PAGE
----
Bariatric experts examine benefits of sleeve gastrectomy at Fresno Heart & Surgical
More than 40 bariatric surgeons from around the world came to Fresno Heart & Surgical Hospital this month to examine gastric sleeve or sleeve gastrectomy benefits. Sleeve gastrectomy is a weight-loss surgery that has become a mainstream tool in the fight against obesity and diabetes. Developed initially as part of a two-step duodenal switch procedure, a form of gastric bypass surgery, the gastric sleeve procedure has become a stand-alone operation.
Sleeve gastrectomy differs from the gastric bypass in that 85% of the stomach is permanently removed and there is no alteration of the intestines. Unlike the gastric band, which also reduces the stomach, there is no foreign body or need for adjustments.
“This procedure is another tool that we can offer our patients. Each patient presents with different challenges, it is important to take into account many factors before advising treatment options. One size doesn’t fit all,” said Dr. Kelvin Higa, medical director of Fresno Heart & Surgical’s metabolic/bariatric and minimally invasive surgery program. The hospital’s program has been designated by the American Society for Metabolic and Bariatric Surgery as Center of Excellence and has been 5-star rated two years in a row by HealthGrades®.
“More and more patients are becoming aware of sleeve gastrectomy benefits and more and more surgeons are attempting to perform the procedure,” said Dr. Kelvin Higa during the Nov. 20 education conference. “However, this procedure is an easy one to perform incorrectly and has its own set of unique complications. It was important to bring together the world’s foremost experts for this educational experience.”
During the day-long event looking at sleeve gastrectomy benefits, Dr. Higa was joined by Dr. Michel Gagner, inventor of the sleeve gastrectomy, and Dr. Jacques Himpens from Belgium, who performed the first robotic surgery in the world. Other faculty members included Prof. Raul Rosenthal from the BMI Institute at the Cleveland Clinics in Florida and Dr. Almino Cardos Ramos from Sao Paulo, Brazil. Dr. Higa, a UCSF Clinical Professor of Surgery who also lectures and demonstrates surgery internationally, moderated the symposium.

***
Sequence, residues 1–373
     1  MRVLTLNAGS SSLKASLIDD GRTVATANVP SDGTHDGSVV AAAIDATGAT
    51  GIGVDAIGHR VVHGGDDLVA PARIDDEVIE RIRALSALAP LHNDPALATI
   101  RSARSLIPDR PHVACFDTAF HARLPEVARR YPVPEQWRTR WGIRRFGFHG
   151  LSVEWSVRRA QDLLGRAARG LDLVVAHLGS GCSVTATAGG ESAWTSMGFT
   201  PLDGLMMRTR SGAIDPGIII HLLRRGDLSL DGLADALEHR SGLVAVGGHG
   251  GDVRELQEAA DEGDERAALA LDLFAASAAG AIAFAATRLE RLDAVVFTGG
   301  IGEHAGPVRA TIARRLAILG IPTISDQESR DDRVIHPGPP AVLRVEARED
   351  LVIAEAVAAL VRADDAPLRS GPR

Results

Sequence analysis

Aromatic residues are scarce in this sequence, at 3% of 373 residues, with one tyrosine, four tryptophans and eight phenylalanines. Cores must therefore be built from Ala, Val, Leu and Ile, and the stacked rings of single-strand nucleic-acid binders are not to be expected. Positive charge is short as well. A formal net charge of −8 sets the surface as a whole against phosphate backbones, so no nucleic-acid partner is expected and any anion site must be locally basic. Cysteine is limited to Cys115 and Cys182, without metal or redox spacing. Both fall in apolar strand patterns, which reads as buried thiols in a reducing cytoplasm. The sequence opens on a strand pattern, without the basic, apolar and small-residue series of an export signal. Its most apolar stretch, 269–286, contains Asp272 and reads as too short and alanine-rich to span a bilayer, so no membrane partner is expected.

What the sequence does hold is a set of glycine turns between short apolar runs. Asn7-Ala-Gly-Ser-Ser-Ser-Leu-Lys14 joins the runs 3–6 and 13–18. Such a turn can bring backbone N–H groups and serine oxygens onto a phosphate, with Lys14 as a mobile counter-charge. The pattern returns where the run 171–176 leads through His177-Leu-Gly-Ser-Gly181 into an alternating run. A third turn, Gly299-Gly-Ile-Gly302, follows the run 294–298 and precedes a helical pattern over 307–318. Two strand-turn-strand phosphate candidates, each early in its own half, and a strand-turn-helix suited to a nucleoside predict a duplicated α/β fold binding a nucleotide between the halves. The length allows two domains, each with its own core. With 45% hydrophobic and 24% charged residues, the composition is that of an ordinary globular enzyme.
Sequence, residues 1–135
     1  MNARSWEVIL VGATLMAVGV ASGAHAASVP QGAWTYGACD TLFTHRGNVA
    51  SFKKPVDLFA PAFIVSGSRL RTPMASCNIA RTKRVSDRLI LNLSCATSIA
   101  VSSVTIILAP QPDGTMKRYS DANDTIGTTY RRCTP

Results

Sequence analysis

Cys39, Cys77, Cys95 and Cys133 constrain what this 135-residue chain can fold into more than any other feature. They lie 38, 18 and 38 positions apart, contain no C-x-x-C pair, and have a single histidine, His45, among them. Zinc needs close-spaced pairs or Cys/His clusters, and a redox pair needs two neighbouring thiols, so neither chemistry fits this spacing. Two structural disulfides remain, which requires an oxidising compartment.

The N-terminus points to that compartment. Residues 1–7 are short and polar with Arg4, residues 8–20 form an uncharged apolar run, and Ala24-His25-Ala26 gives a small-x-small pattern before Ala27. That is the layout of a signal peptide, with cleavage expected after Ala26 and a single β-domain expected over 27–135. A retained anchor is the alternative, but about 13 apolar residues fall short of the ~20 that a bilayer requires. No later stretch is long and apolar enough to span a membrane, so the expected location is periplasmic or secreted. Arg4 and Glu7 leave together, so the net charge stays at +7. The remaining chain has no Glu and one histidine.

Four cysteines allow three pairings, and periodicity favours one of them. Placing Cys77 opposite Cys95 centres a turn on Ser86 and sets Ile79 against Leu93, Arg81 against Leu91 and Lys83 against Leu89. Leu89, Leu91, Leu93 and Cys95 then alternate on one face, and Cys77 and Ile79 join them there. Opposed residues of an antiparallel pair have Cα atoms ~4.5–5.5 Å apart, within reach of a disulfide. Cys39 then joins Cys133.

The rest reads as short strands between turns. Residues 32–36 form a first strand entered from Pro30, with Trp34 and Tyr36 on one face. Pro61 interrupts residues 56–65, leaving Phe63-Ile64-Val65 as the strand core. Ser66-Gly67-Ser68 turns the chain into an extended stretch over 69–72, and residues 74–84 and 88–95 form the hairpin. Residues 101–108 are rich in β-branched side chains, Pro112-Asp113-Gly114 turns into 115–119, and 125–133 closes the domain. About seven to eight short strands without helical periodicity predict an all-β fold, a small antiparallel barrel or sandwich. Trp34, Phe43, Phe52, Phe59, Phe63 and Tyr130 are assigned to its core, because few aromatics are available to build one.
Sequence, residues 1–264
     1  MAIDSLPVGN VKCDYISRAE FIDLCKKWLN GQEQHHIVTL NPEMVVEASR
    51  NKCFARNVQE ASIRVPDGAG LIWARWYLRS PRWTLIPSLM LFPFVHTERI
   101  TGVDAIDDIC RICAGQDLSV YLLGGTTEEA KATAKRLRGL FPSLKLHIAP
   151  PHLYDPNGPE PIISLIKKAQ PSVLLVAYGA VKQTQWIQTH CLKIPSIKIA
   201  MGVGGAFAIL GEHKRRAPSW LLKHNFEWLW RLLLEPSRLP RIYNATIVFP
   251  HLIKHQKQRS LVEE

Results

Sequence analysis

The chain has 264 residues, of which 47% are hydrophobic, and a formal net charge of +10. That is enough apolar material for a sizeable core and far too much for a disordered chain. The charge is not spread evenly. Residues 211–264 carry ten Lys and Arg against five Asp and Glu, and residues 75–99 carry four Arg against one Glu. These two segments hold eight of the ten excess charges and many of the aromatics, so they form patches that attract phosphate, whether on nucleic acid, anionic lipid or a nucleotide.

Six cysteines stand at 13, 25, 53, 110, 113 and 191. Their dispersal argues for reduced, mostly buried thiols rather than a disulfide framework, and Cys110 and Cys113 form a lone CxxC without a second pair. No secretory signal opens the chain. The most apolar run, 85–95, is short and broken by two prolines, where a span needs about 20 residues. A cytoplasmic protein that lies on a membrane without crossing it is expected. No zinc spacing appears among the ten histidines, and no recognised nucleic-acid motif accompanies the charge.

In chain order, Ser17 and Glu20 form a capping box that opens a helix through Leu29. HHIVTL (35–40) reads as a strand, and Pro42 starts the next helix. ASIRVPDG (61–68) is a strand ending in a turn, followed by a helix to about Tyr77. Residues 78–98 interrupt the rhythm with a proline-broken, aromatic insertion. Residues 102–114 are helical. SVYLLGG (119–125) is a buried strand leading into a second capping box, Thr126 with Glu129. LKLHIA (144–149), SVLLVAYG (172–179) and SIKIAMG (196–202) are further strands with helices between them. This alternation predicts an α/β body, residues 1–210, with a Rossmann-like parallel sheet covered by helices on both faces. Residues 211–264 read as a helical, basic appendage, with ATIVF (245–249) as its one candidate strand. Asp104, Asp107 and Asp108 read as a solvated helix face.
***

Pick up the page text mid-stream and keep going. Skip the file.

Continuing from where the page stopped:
Dr. Gagner, while at Cornell University, first proposed the gastric sleeve in 1999 as a way to reduce problems in high-risk patients. “We split the operation in two and did the sleeve first to reduce the stomach,” he explained. “We found all patients had the same weight loss and not everyone went in for the second stage” to remove part of the small intestine.
Dr. Gagner discovered that sleeve gastrectomy benefits were especially high for smaller patients (higher percentage of weight lost), and patients with Crohn’s disease or inflammatory bowel disease. “Also transplant patients do better and elderly patients do better with this operation where you don’t disrupt calcium absorption,” Dr. Gagner said. “I’ve operated on up to 80-year-olds, especially those who may need a hip or knee operation. In the elderly, if they just get the weight off they do better and may not need [the other operation].”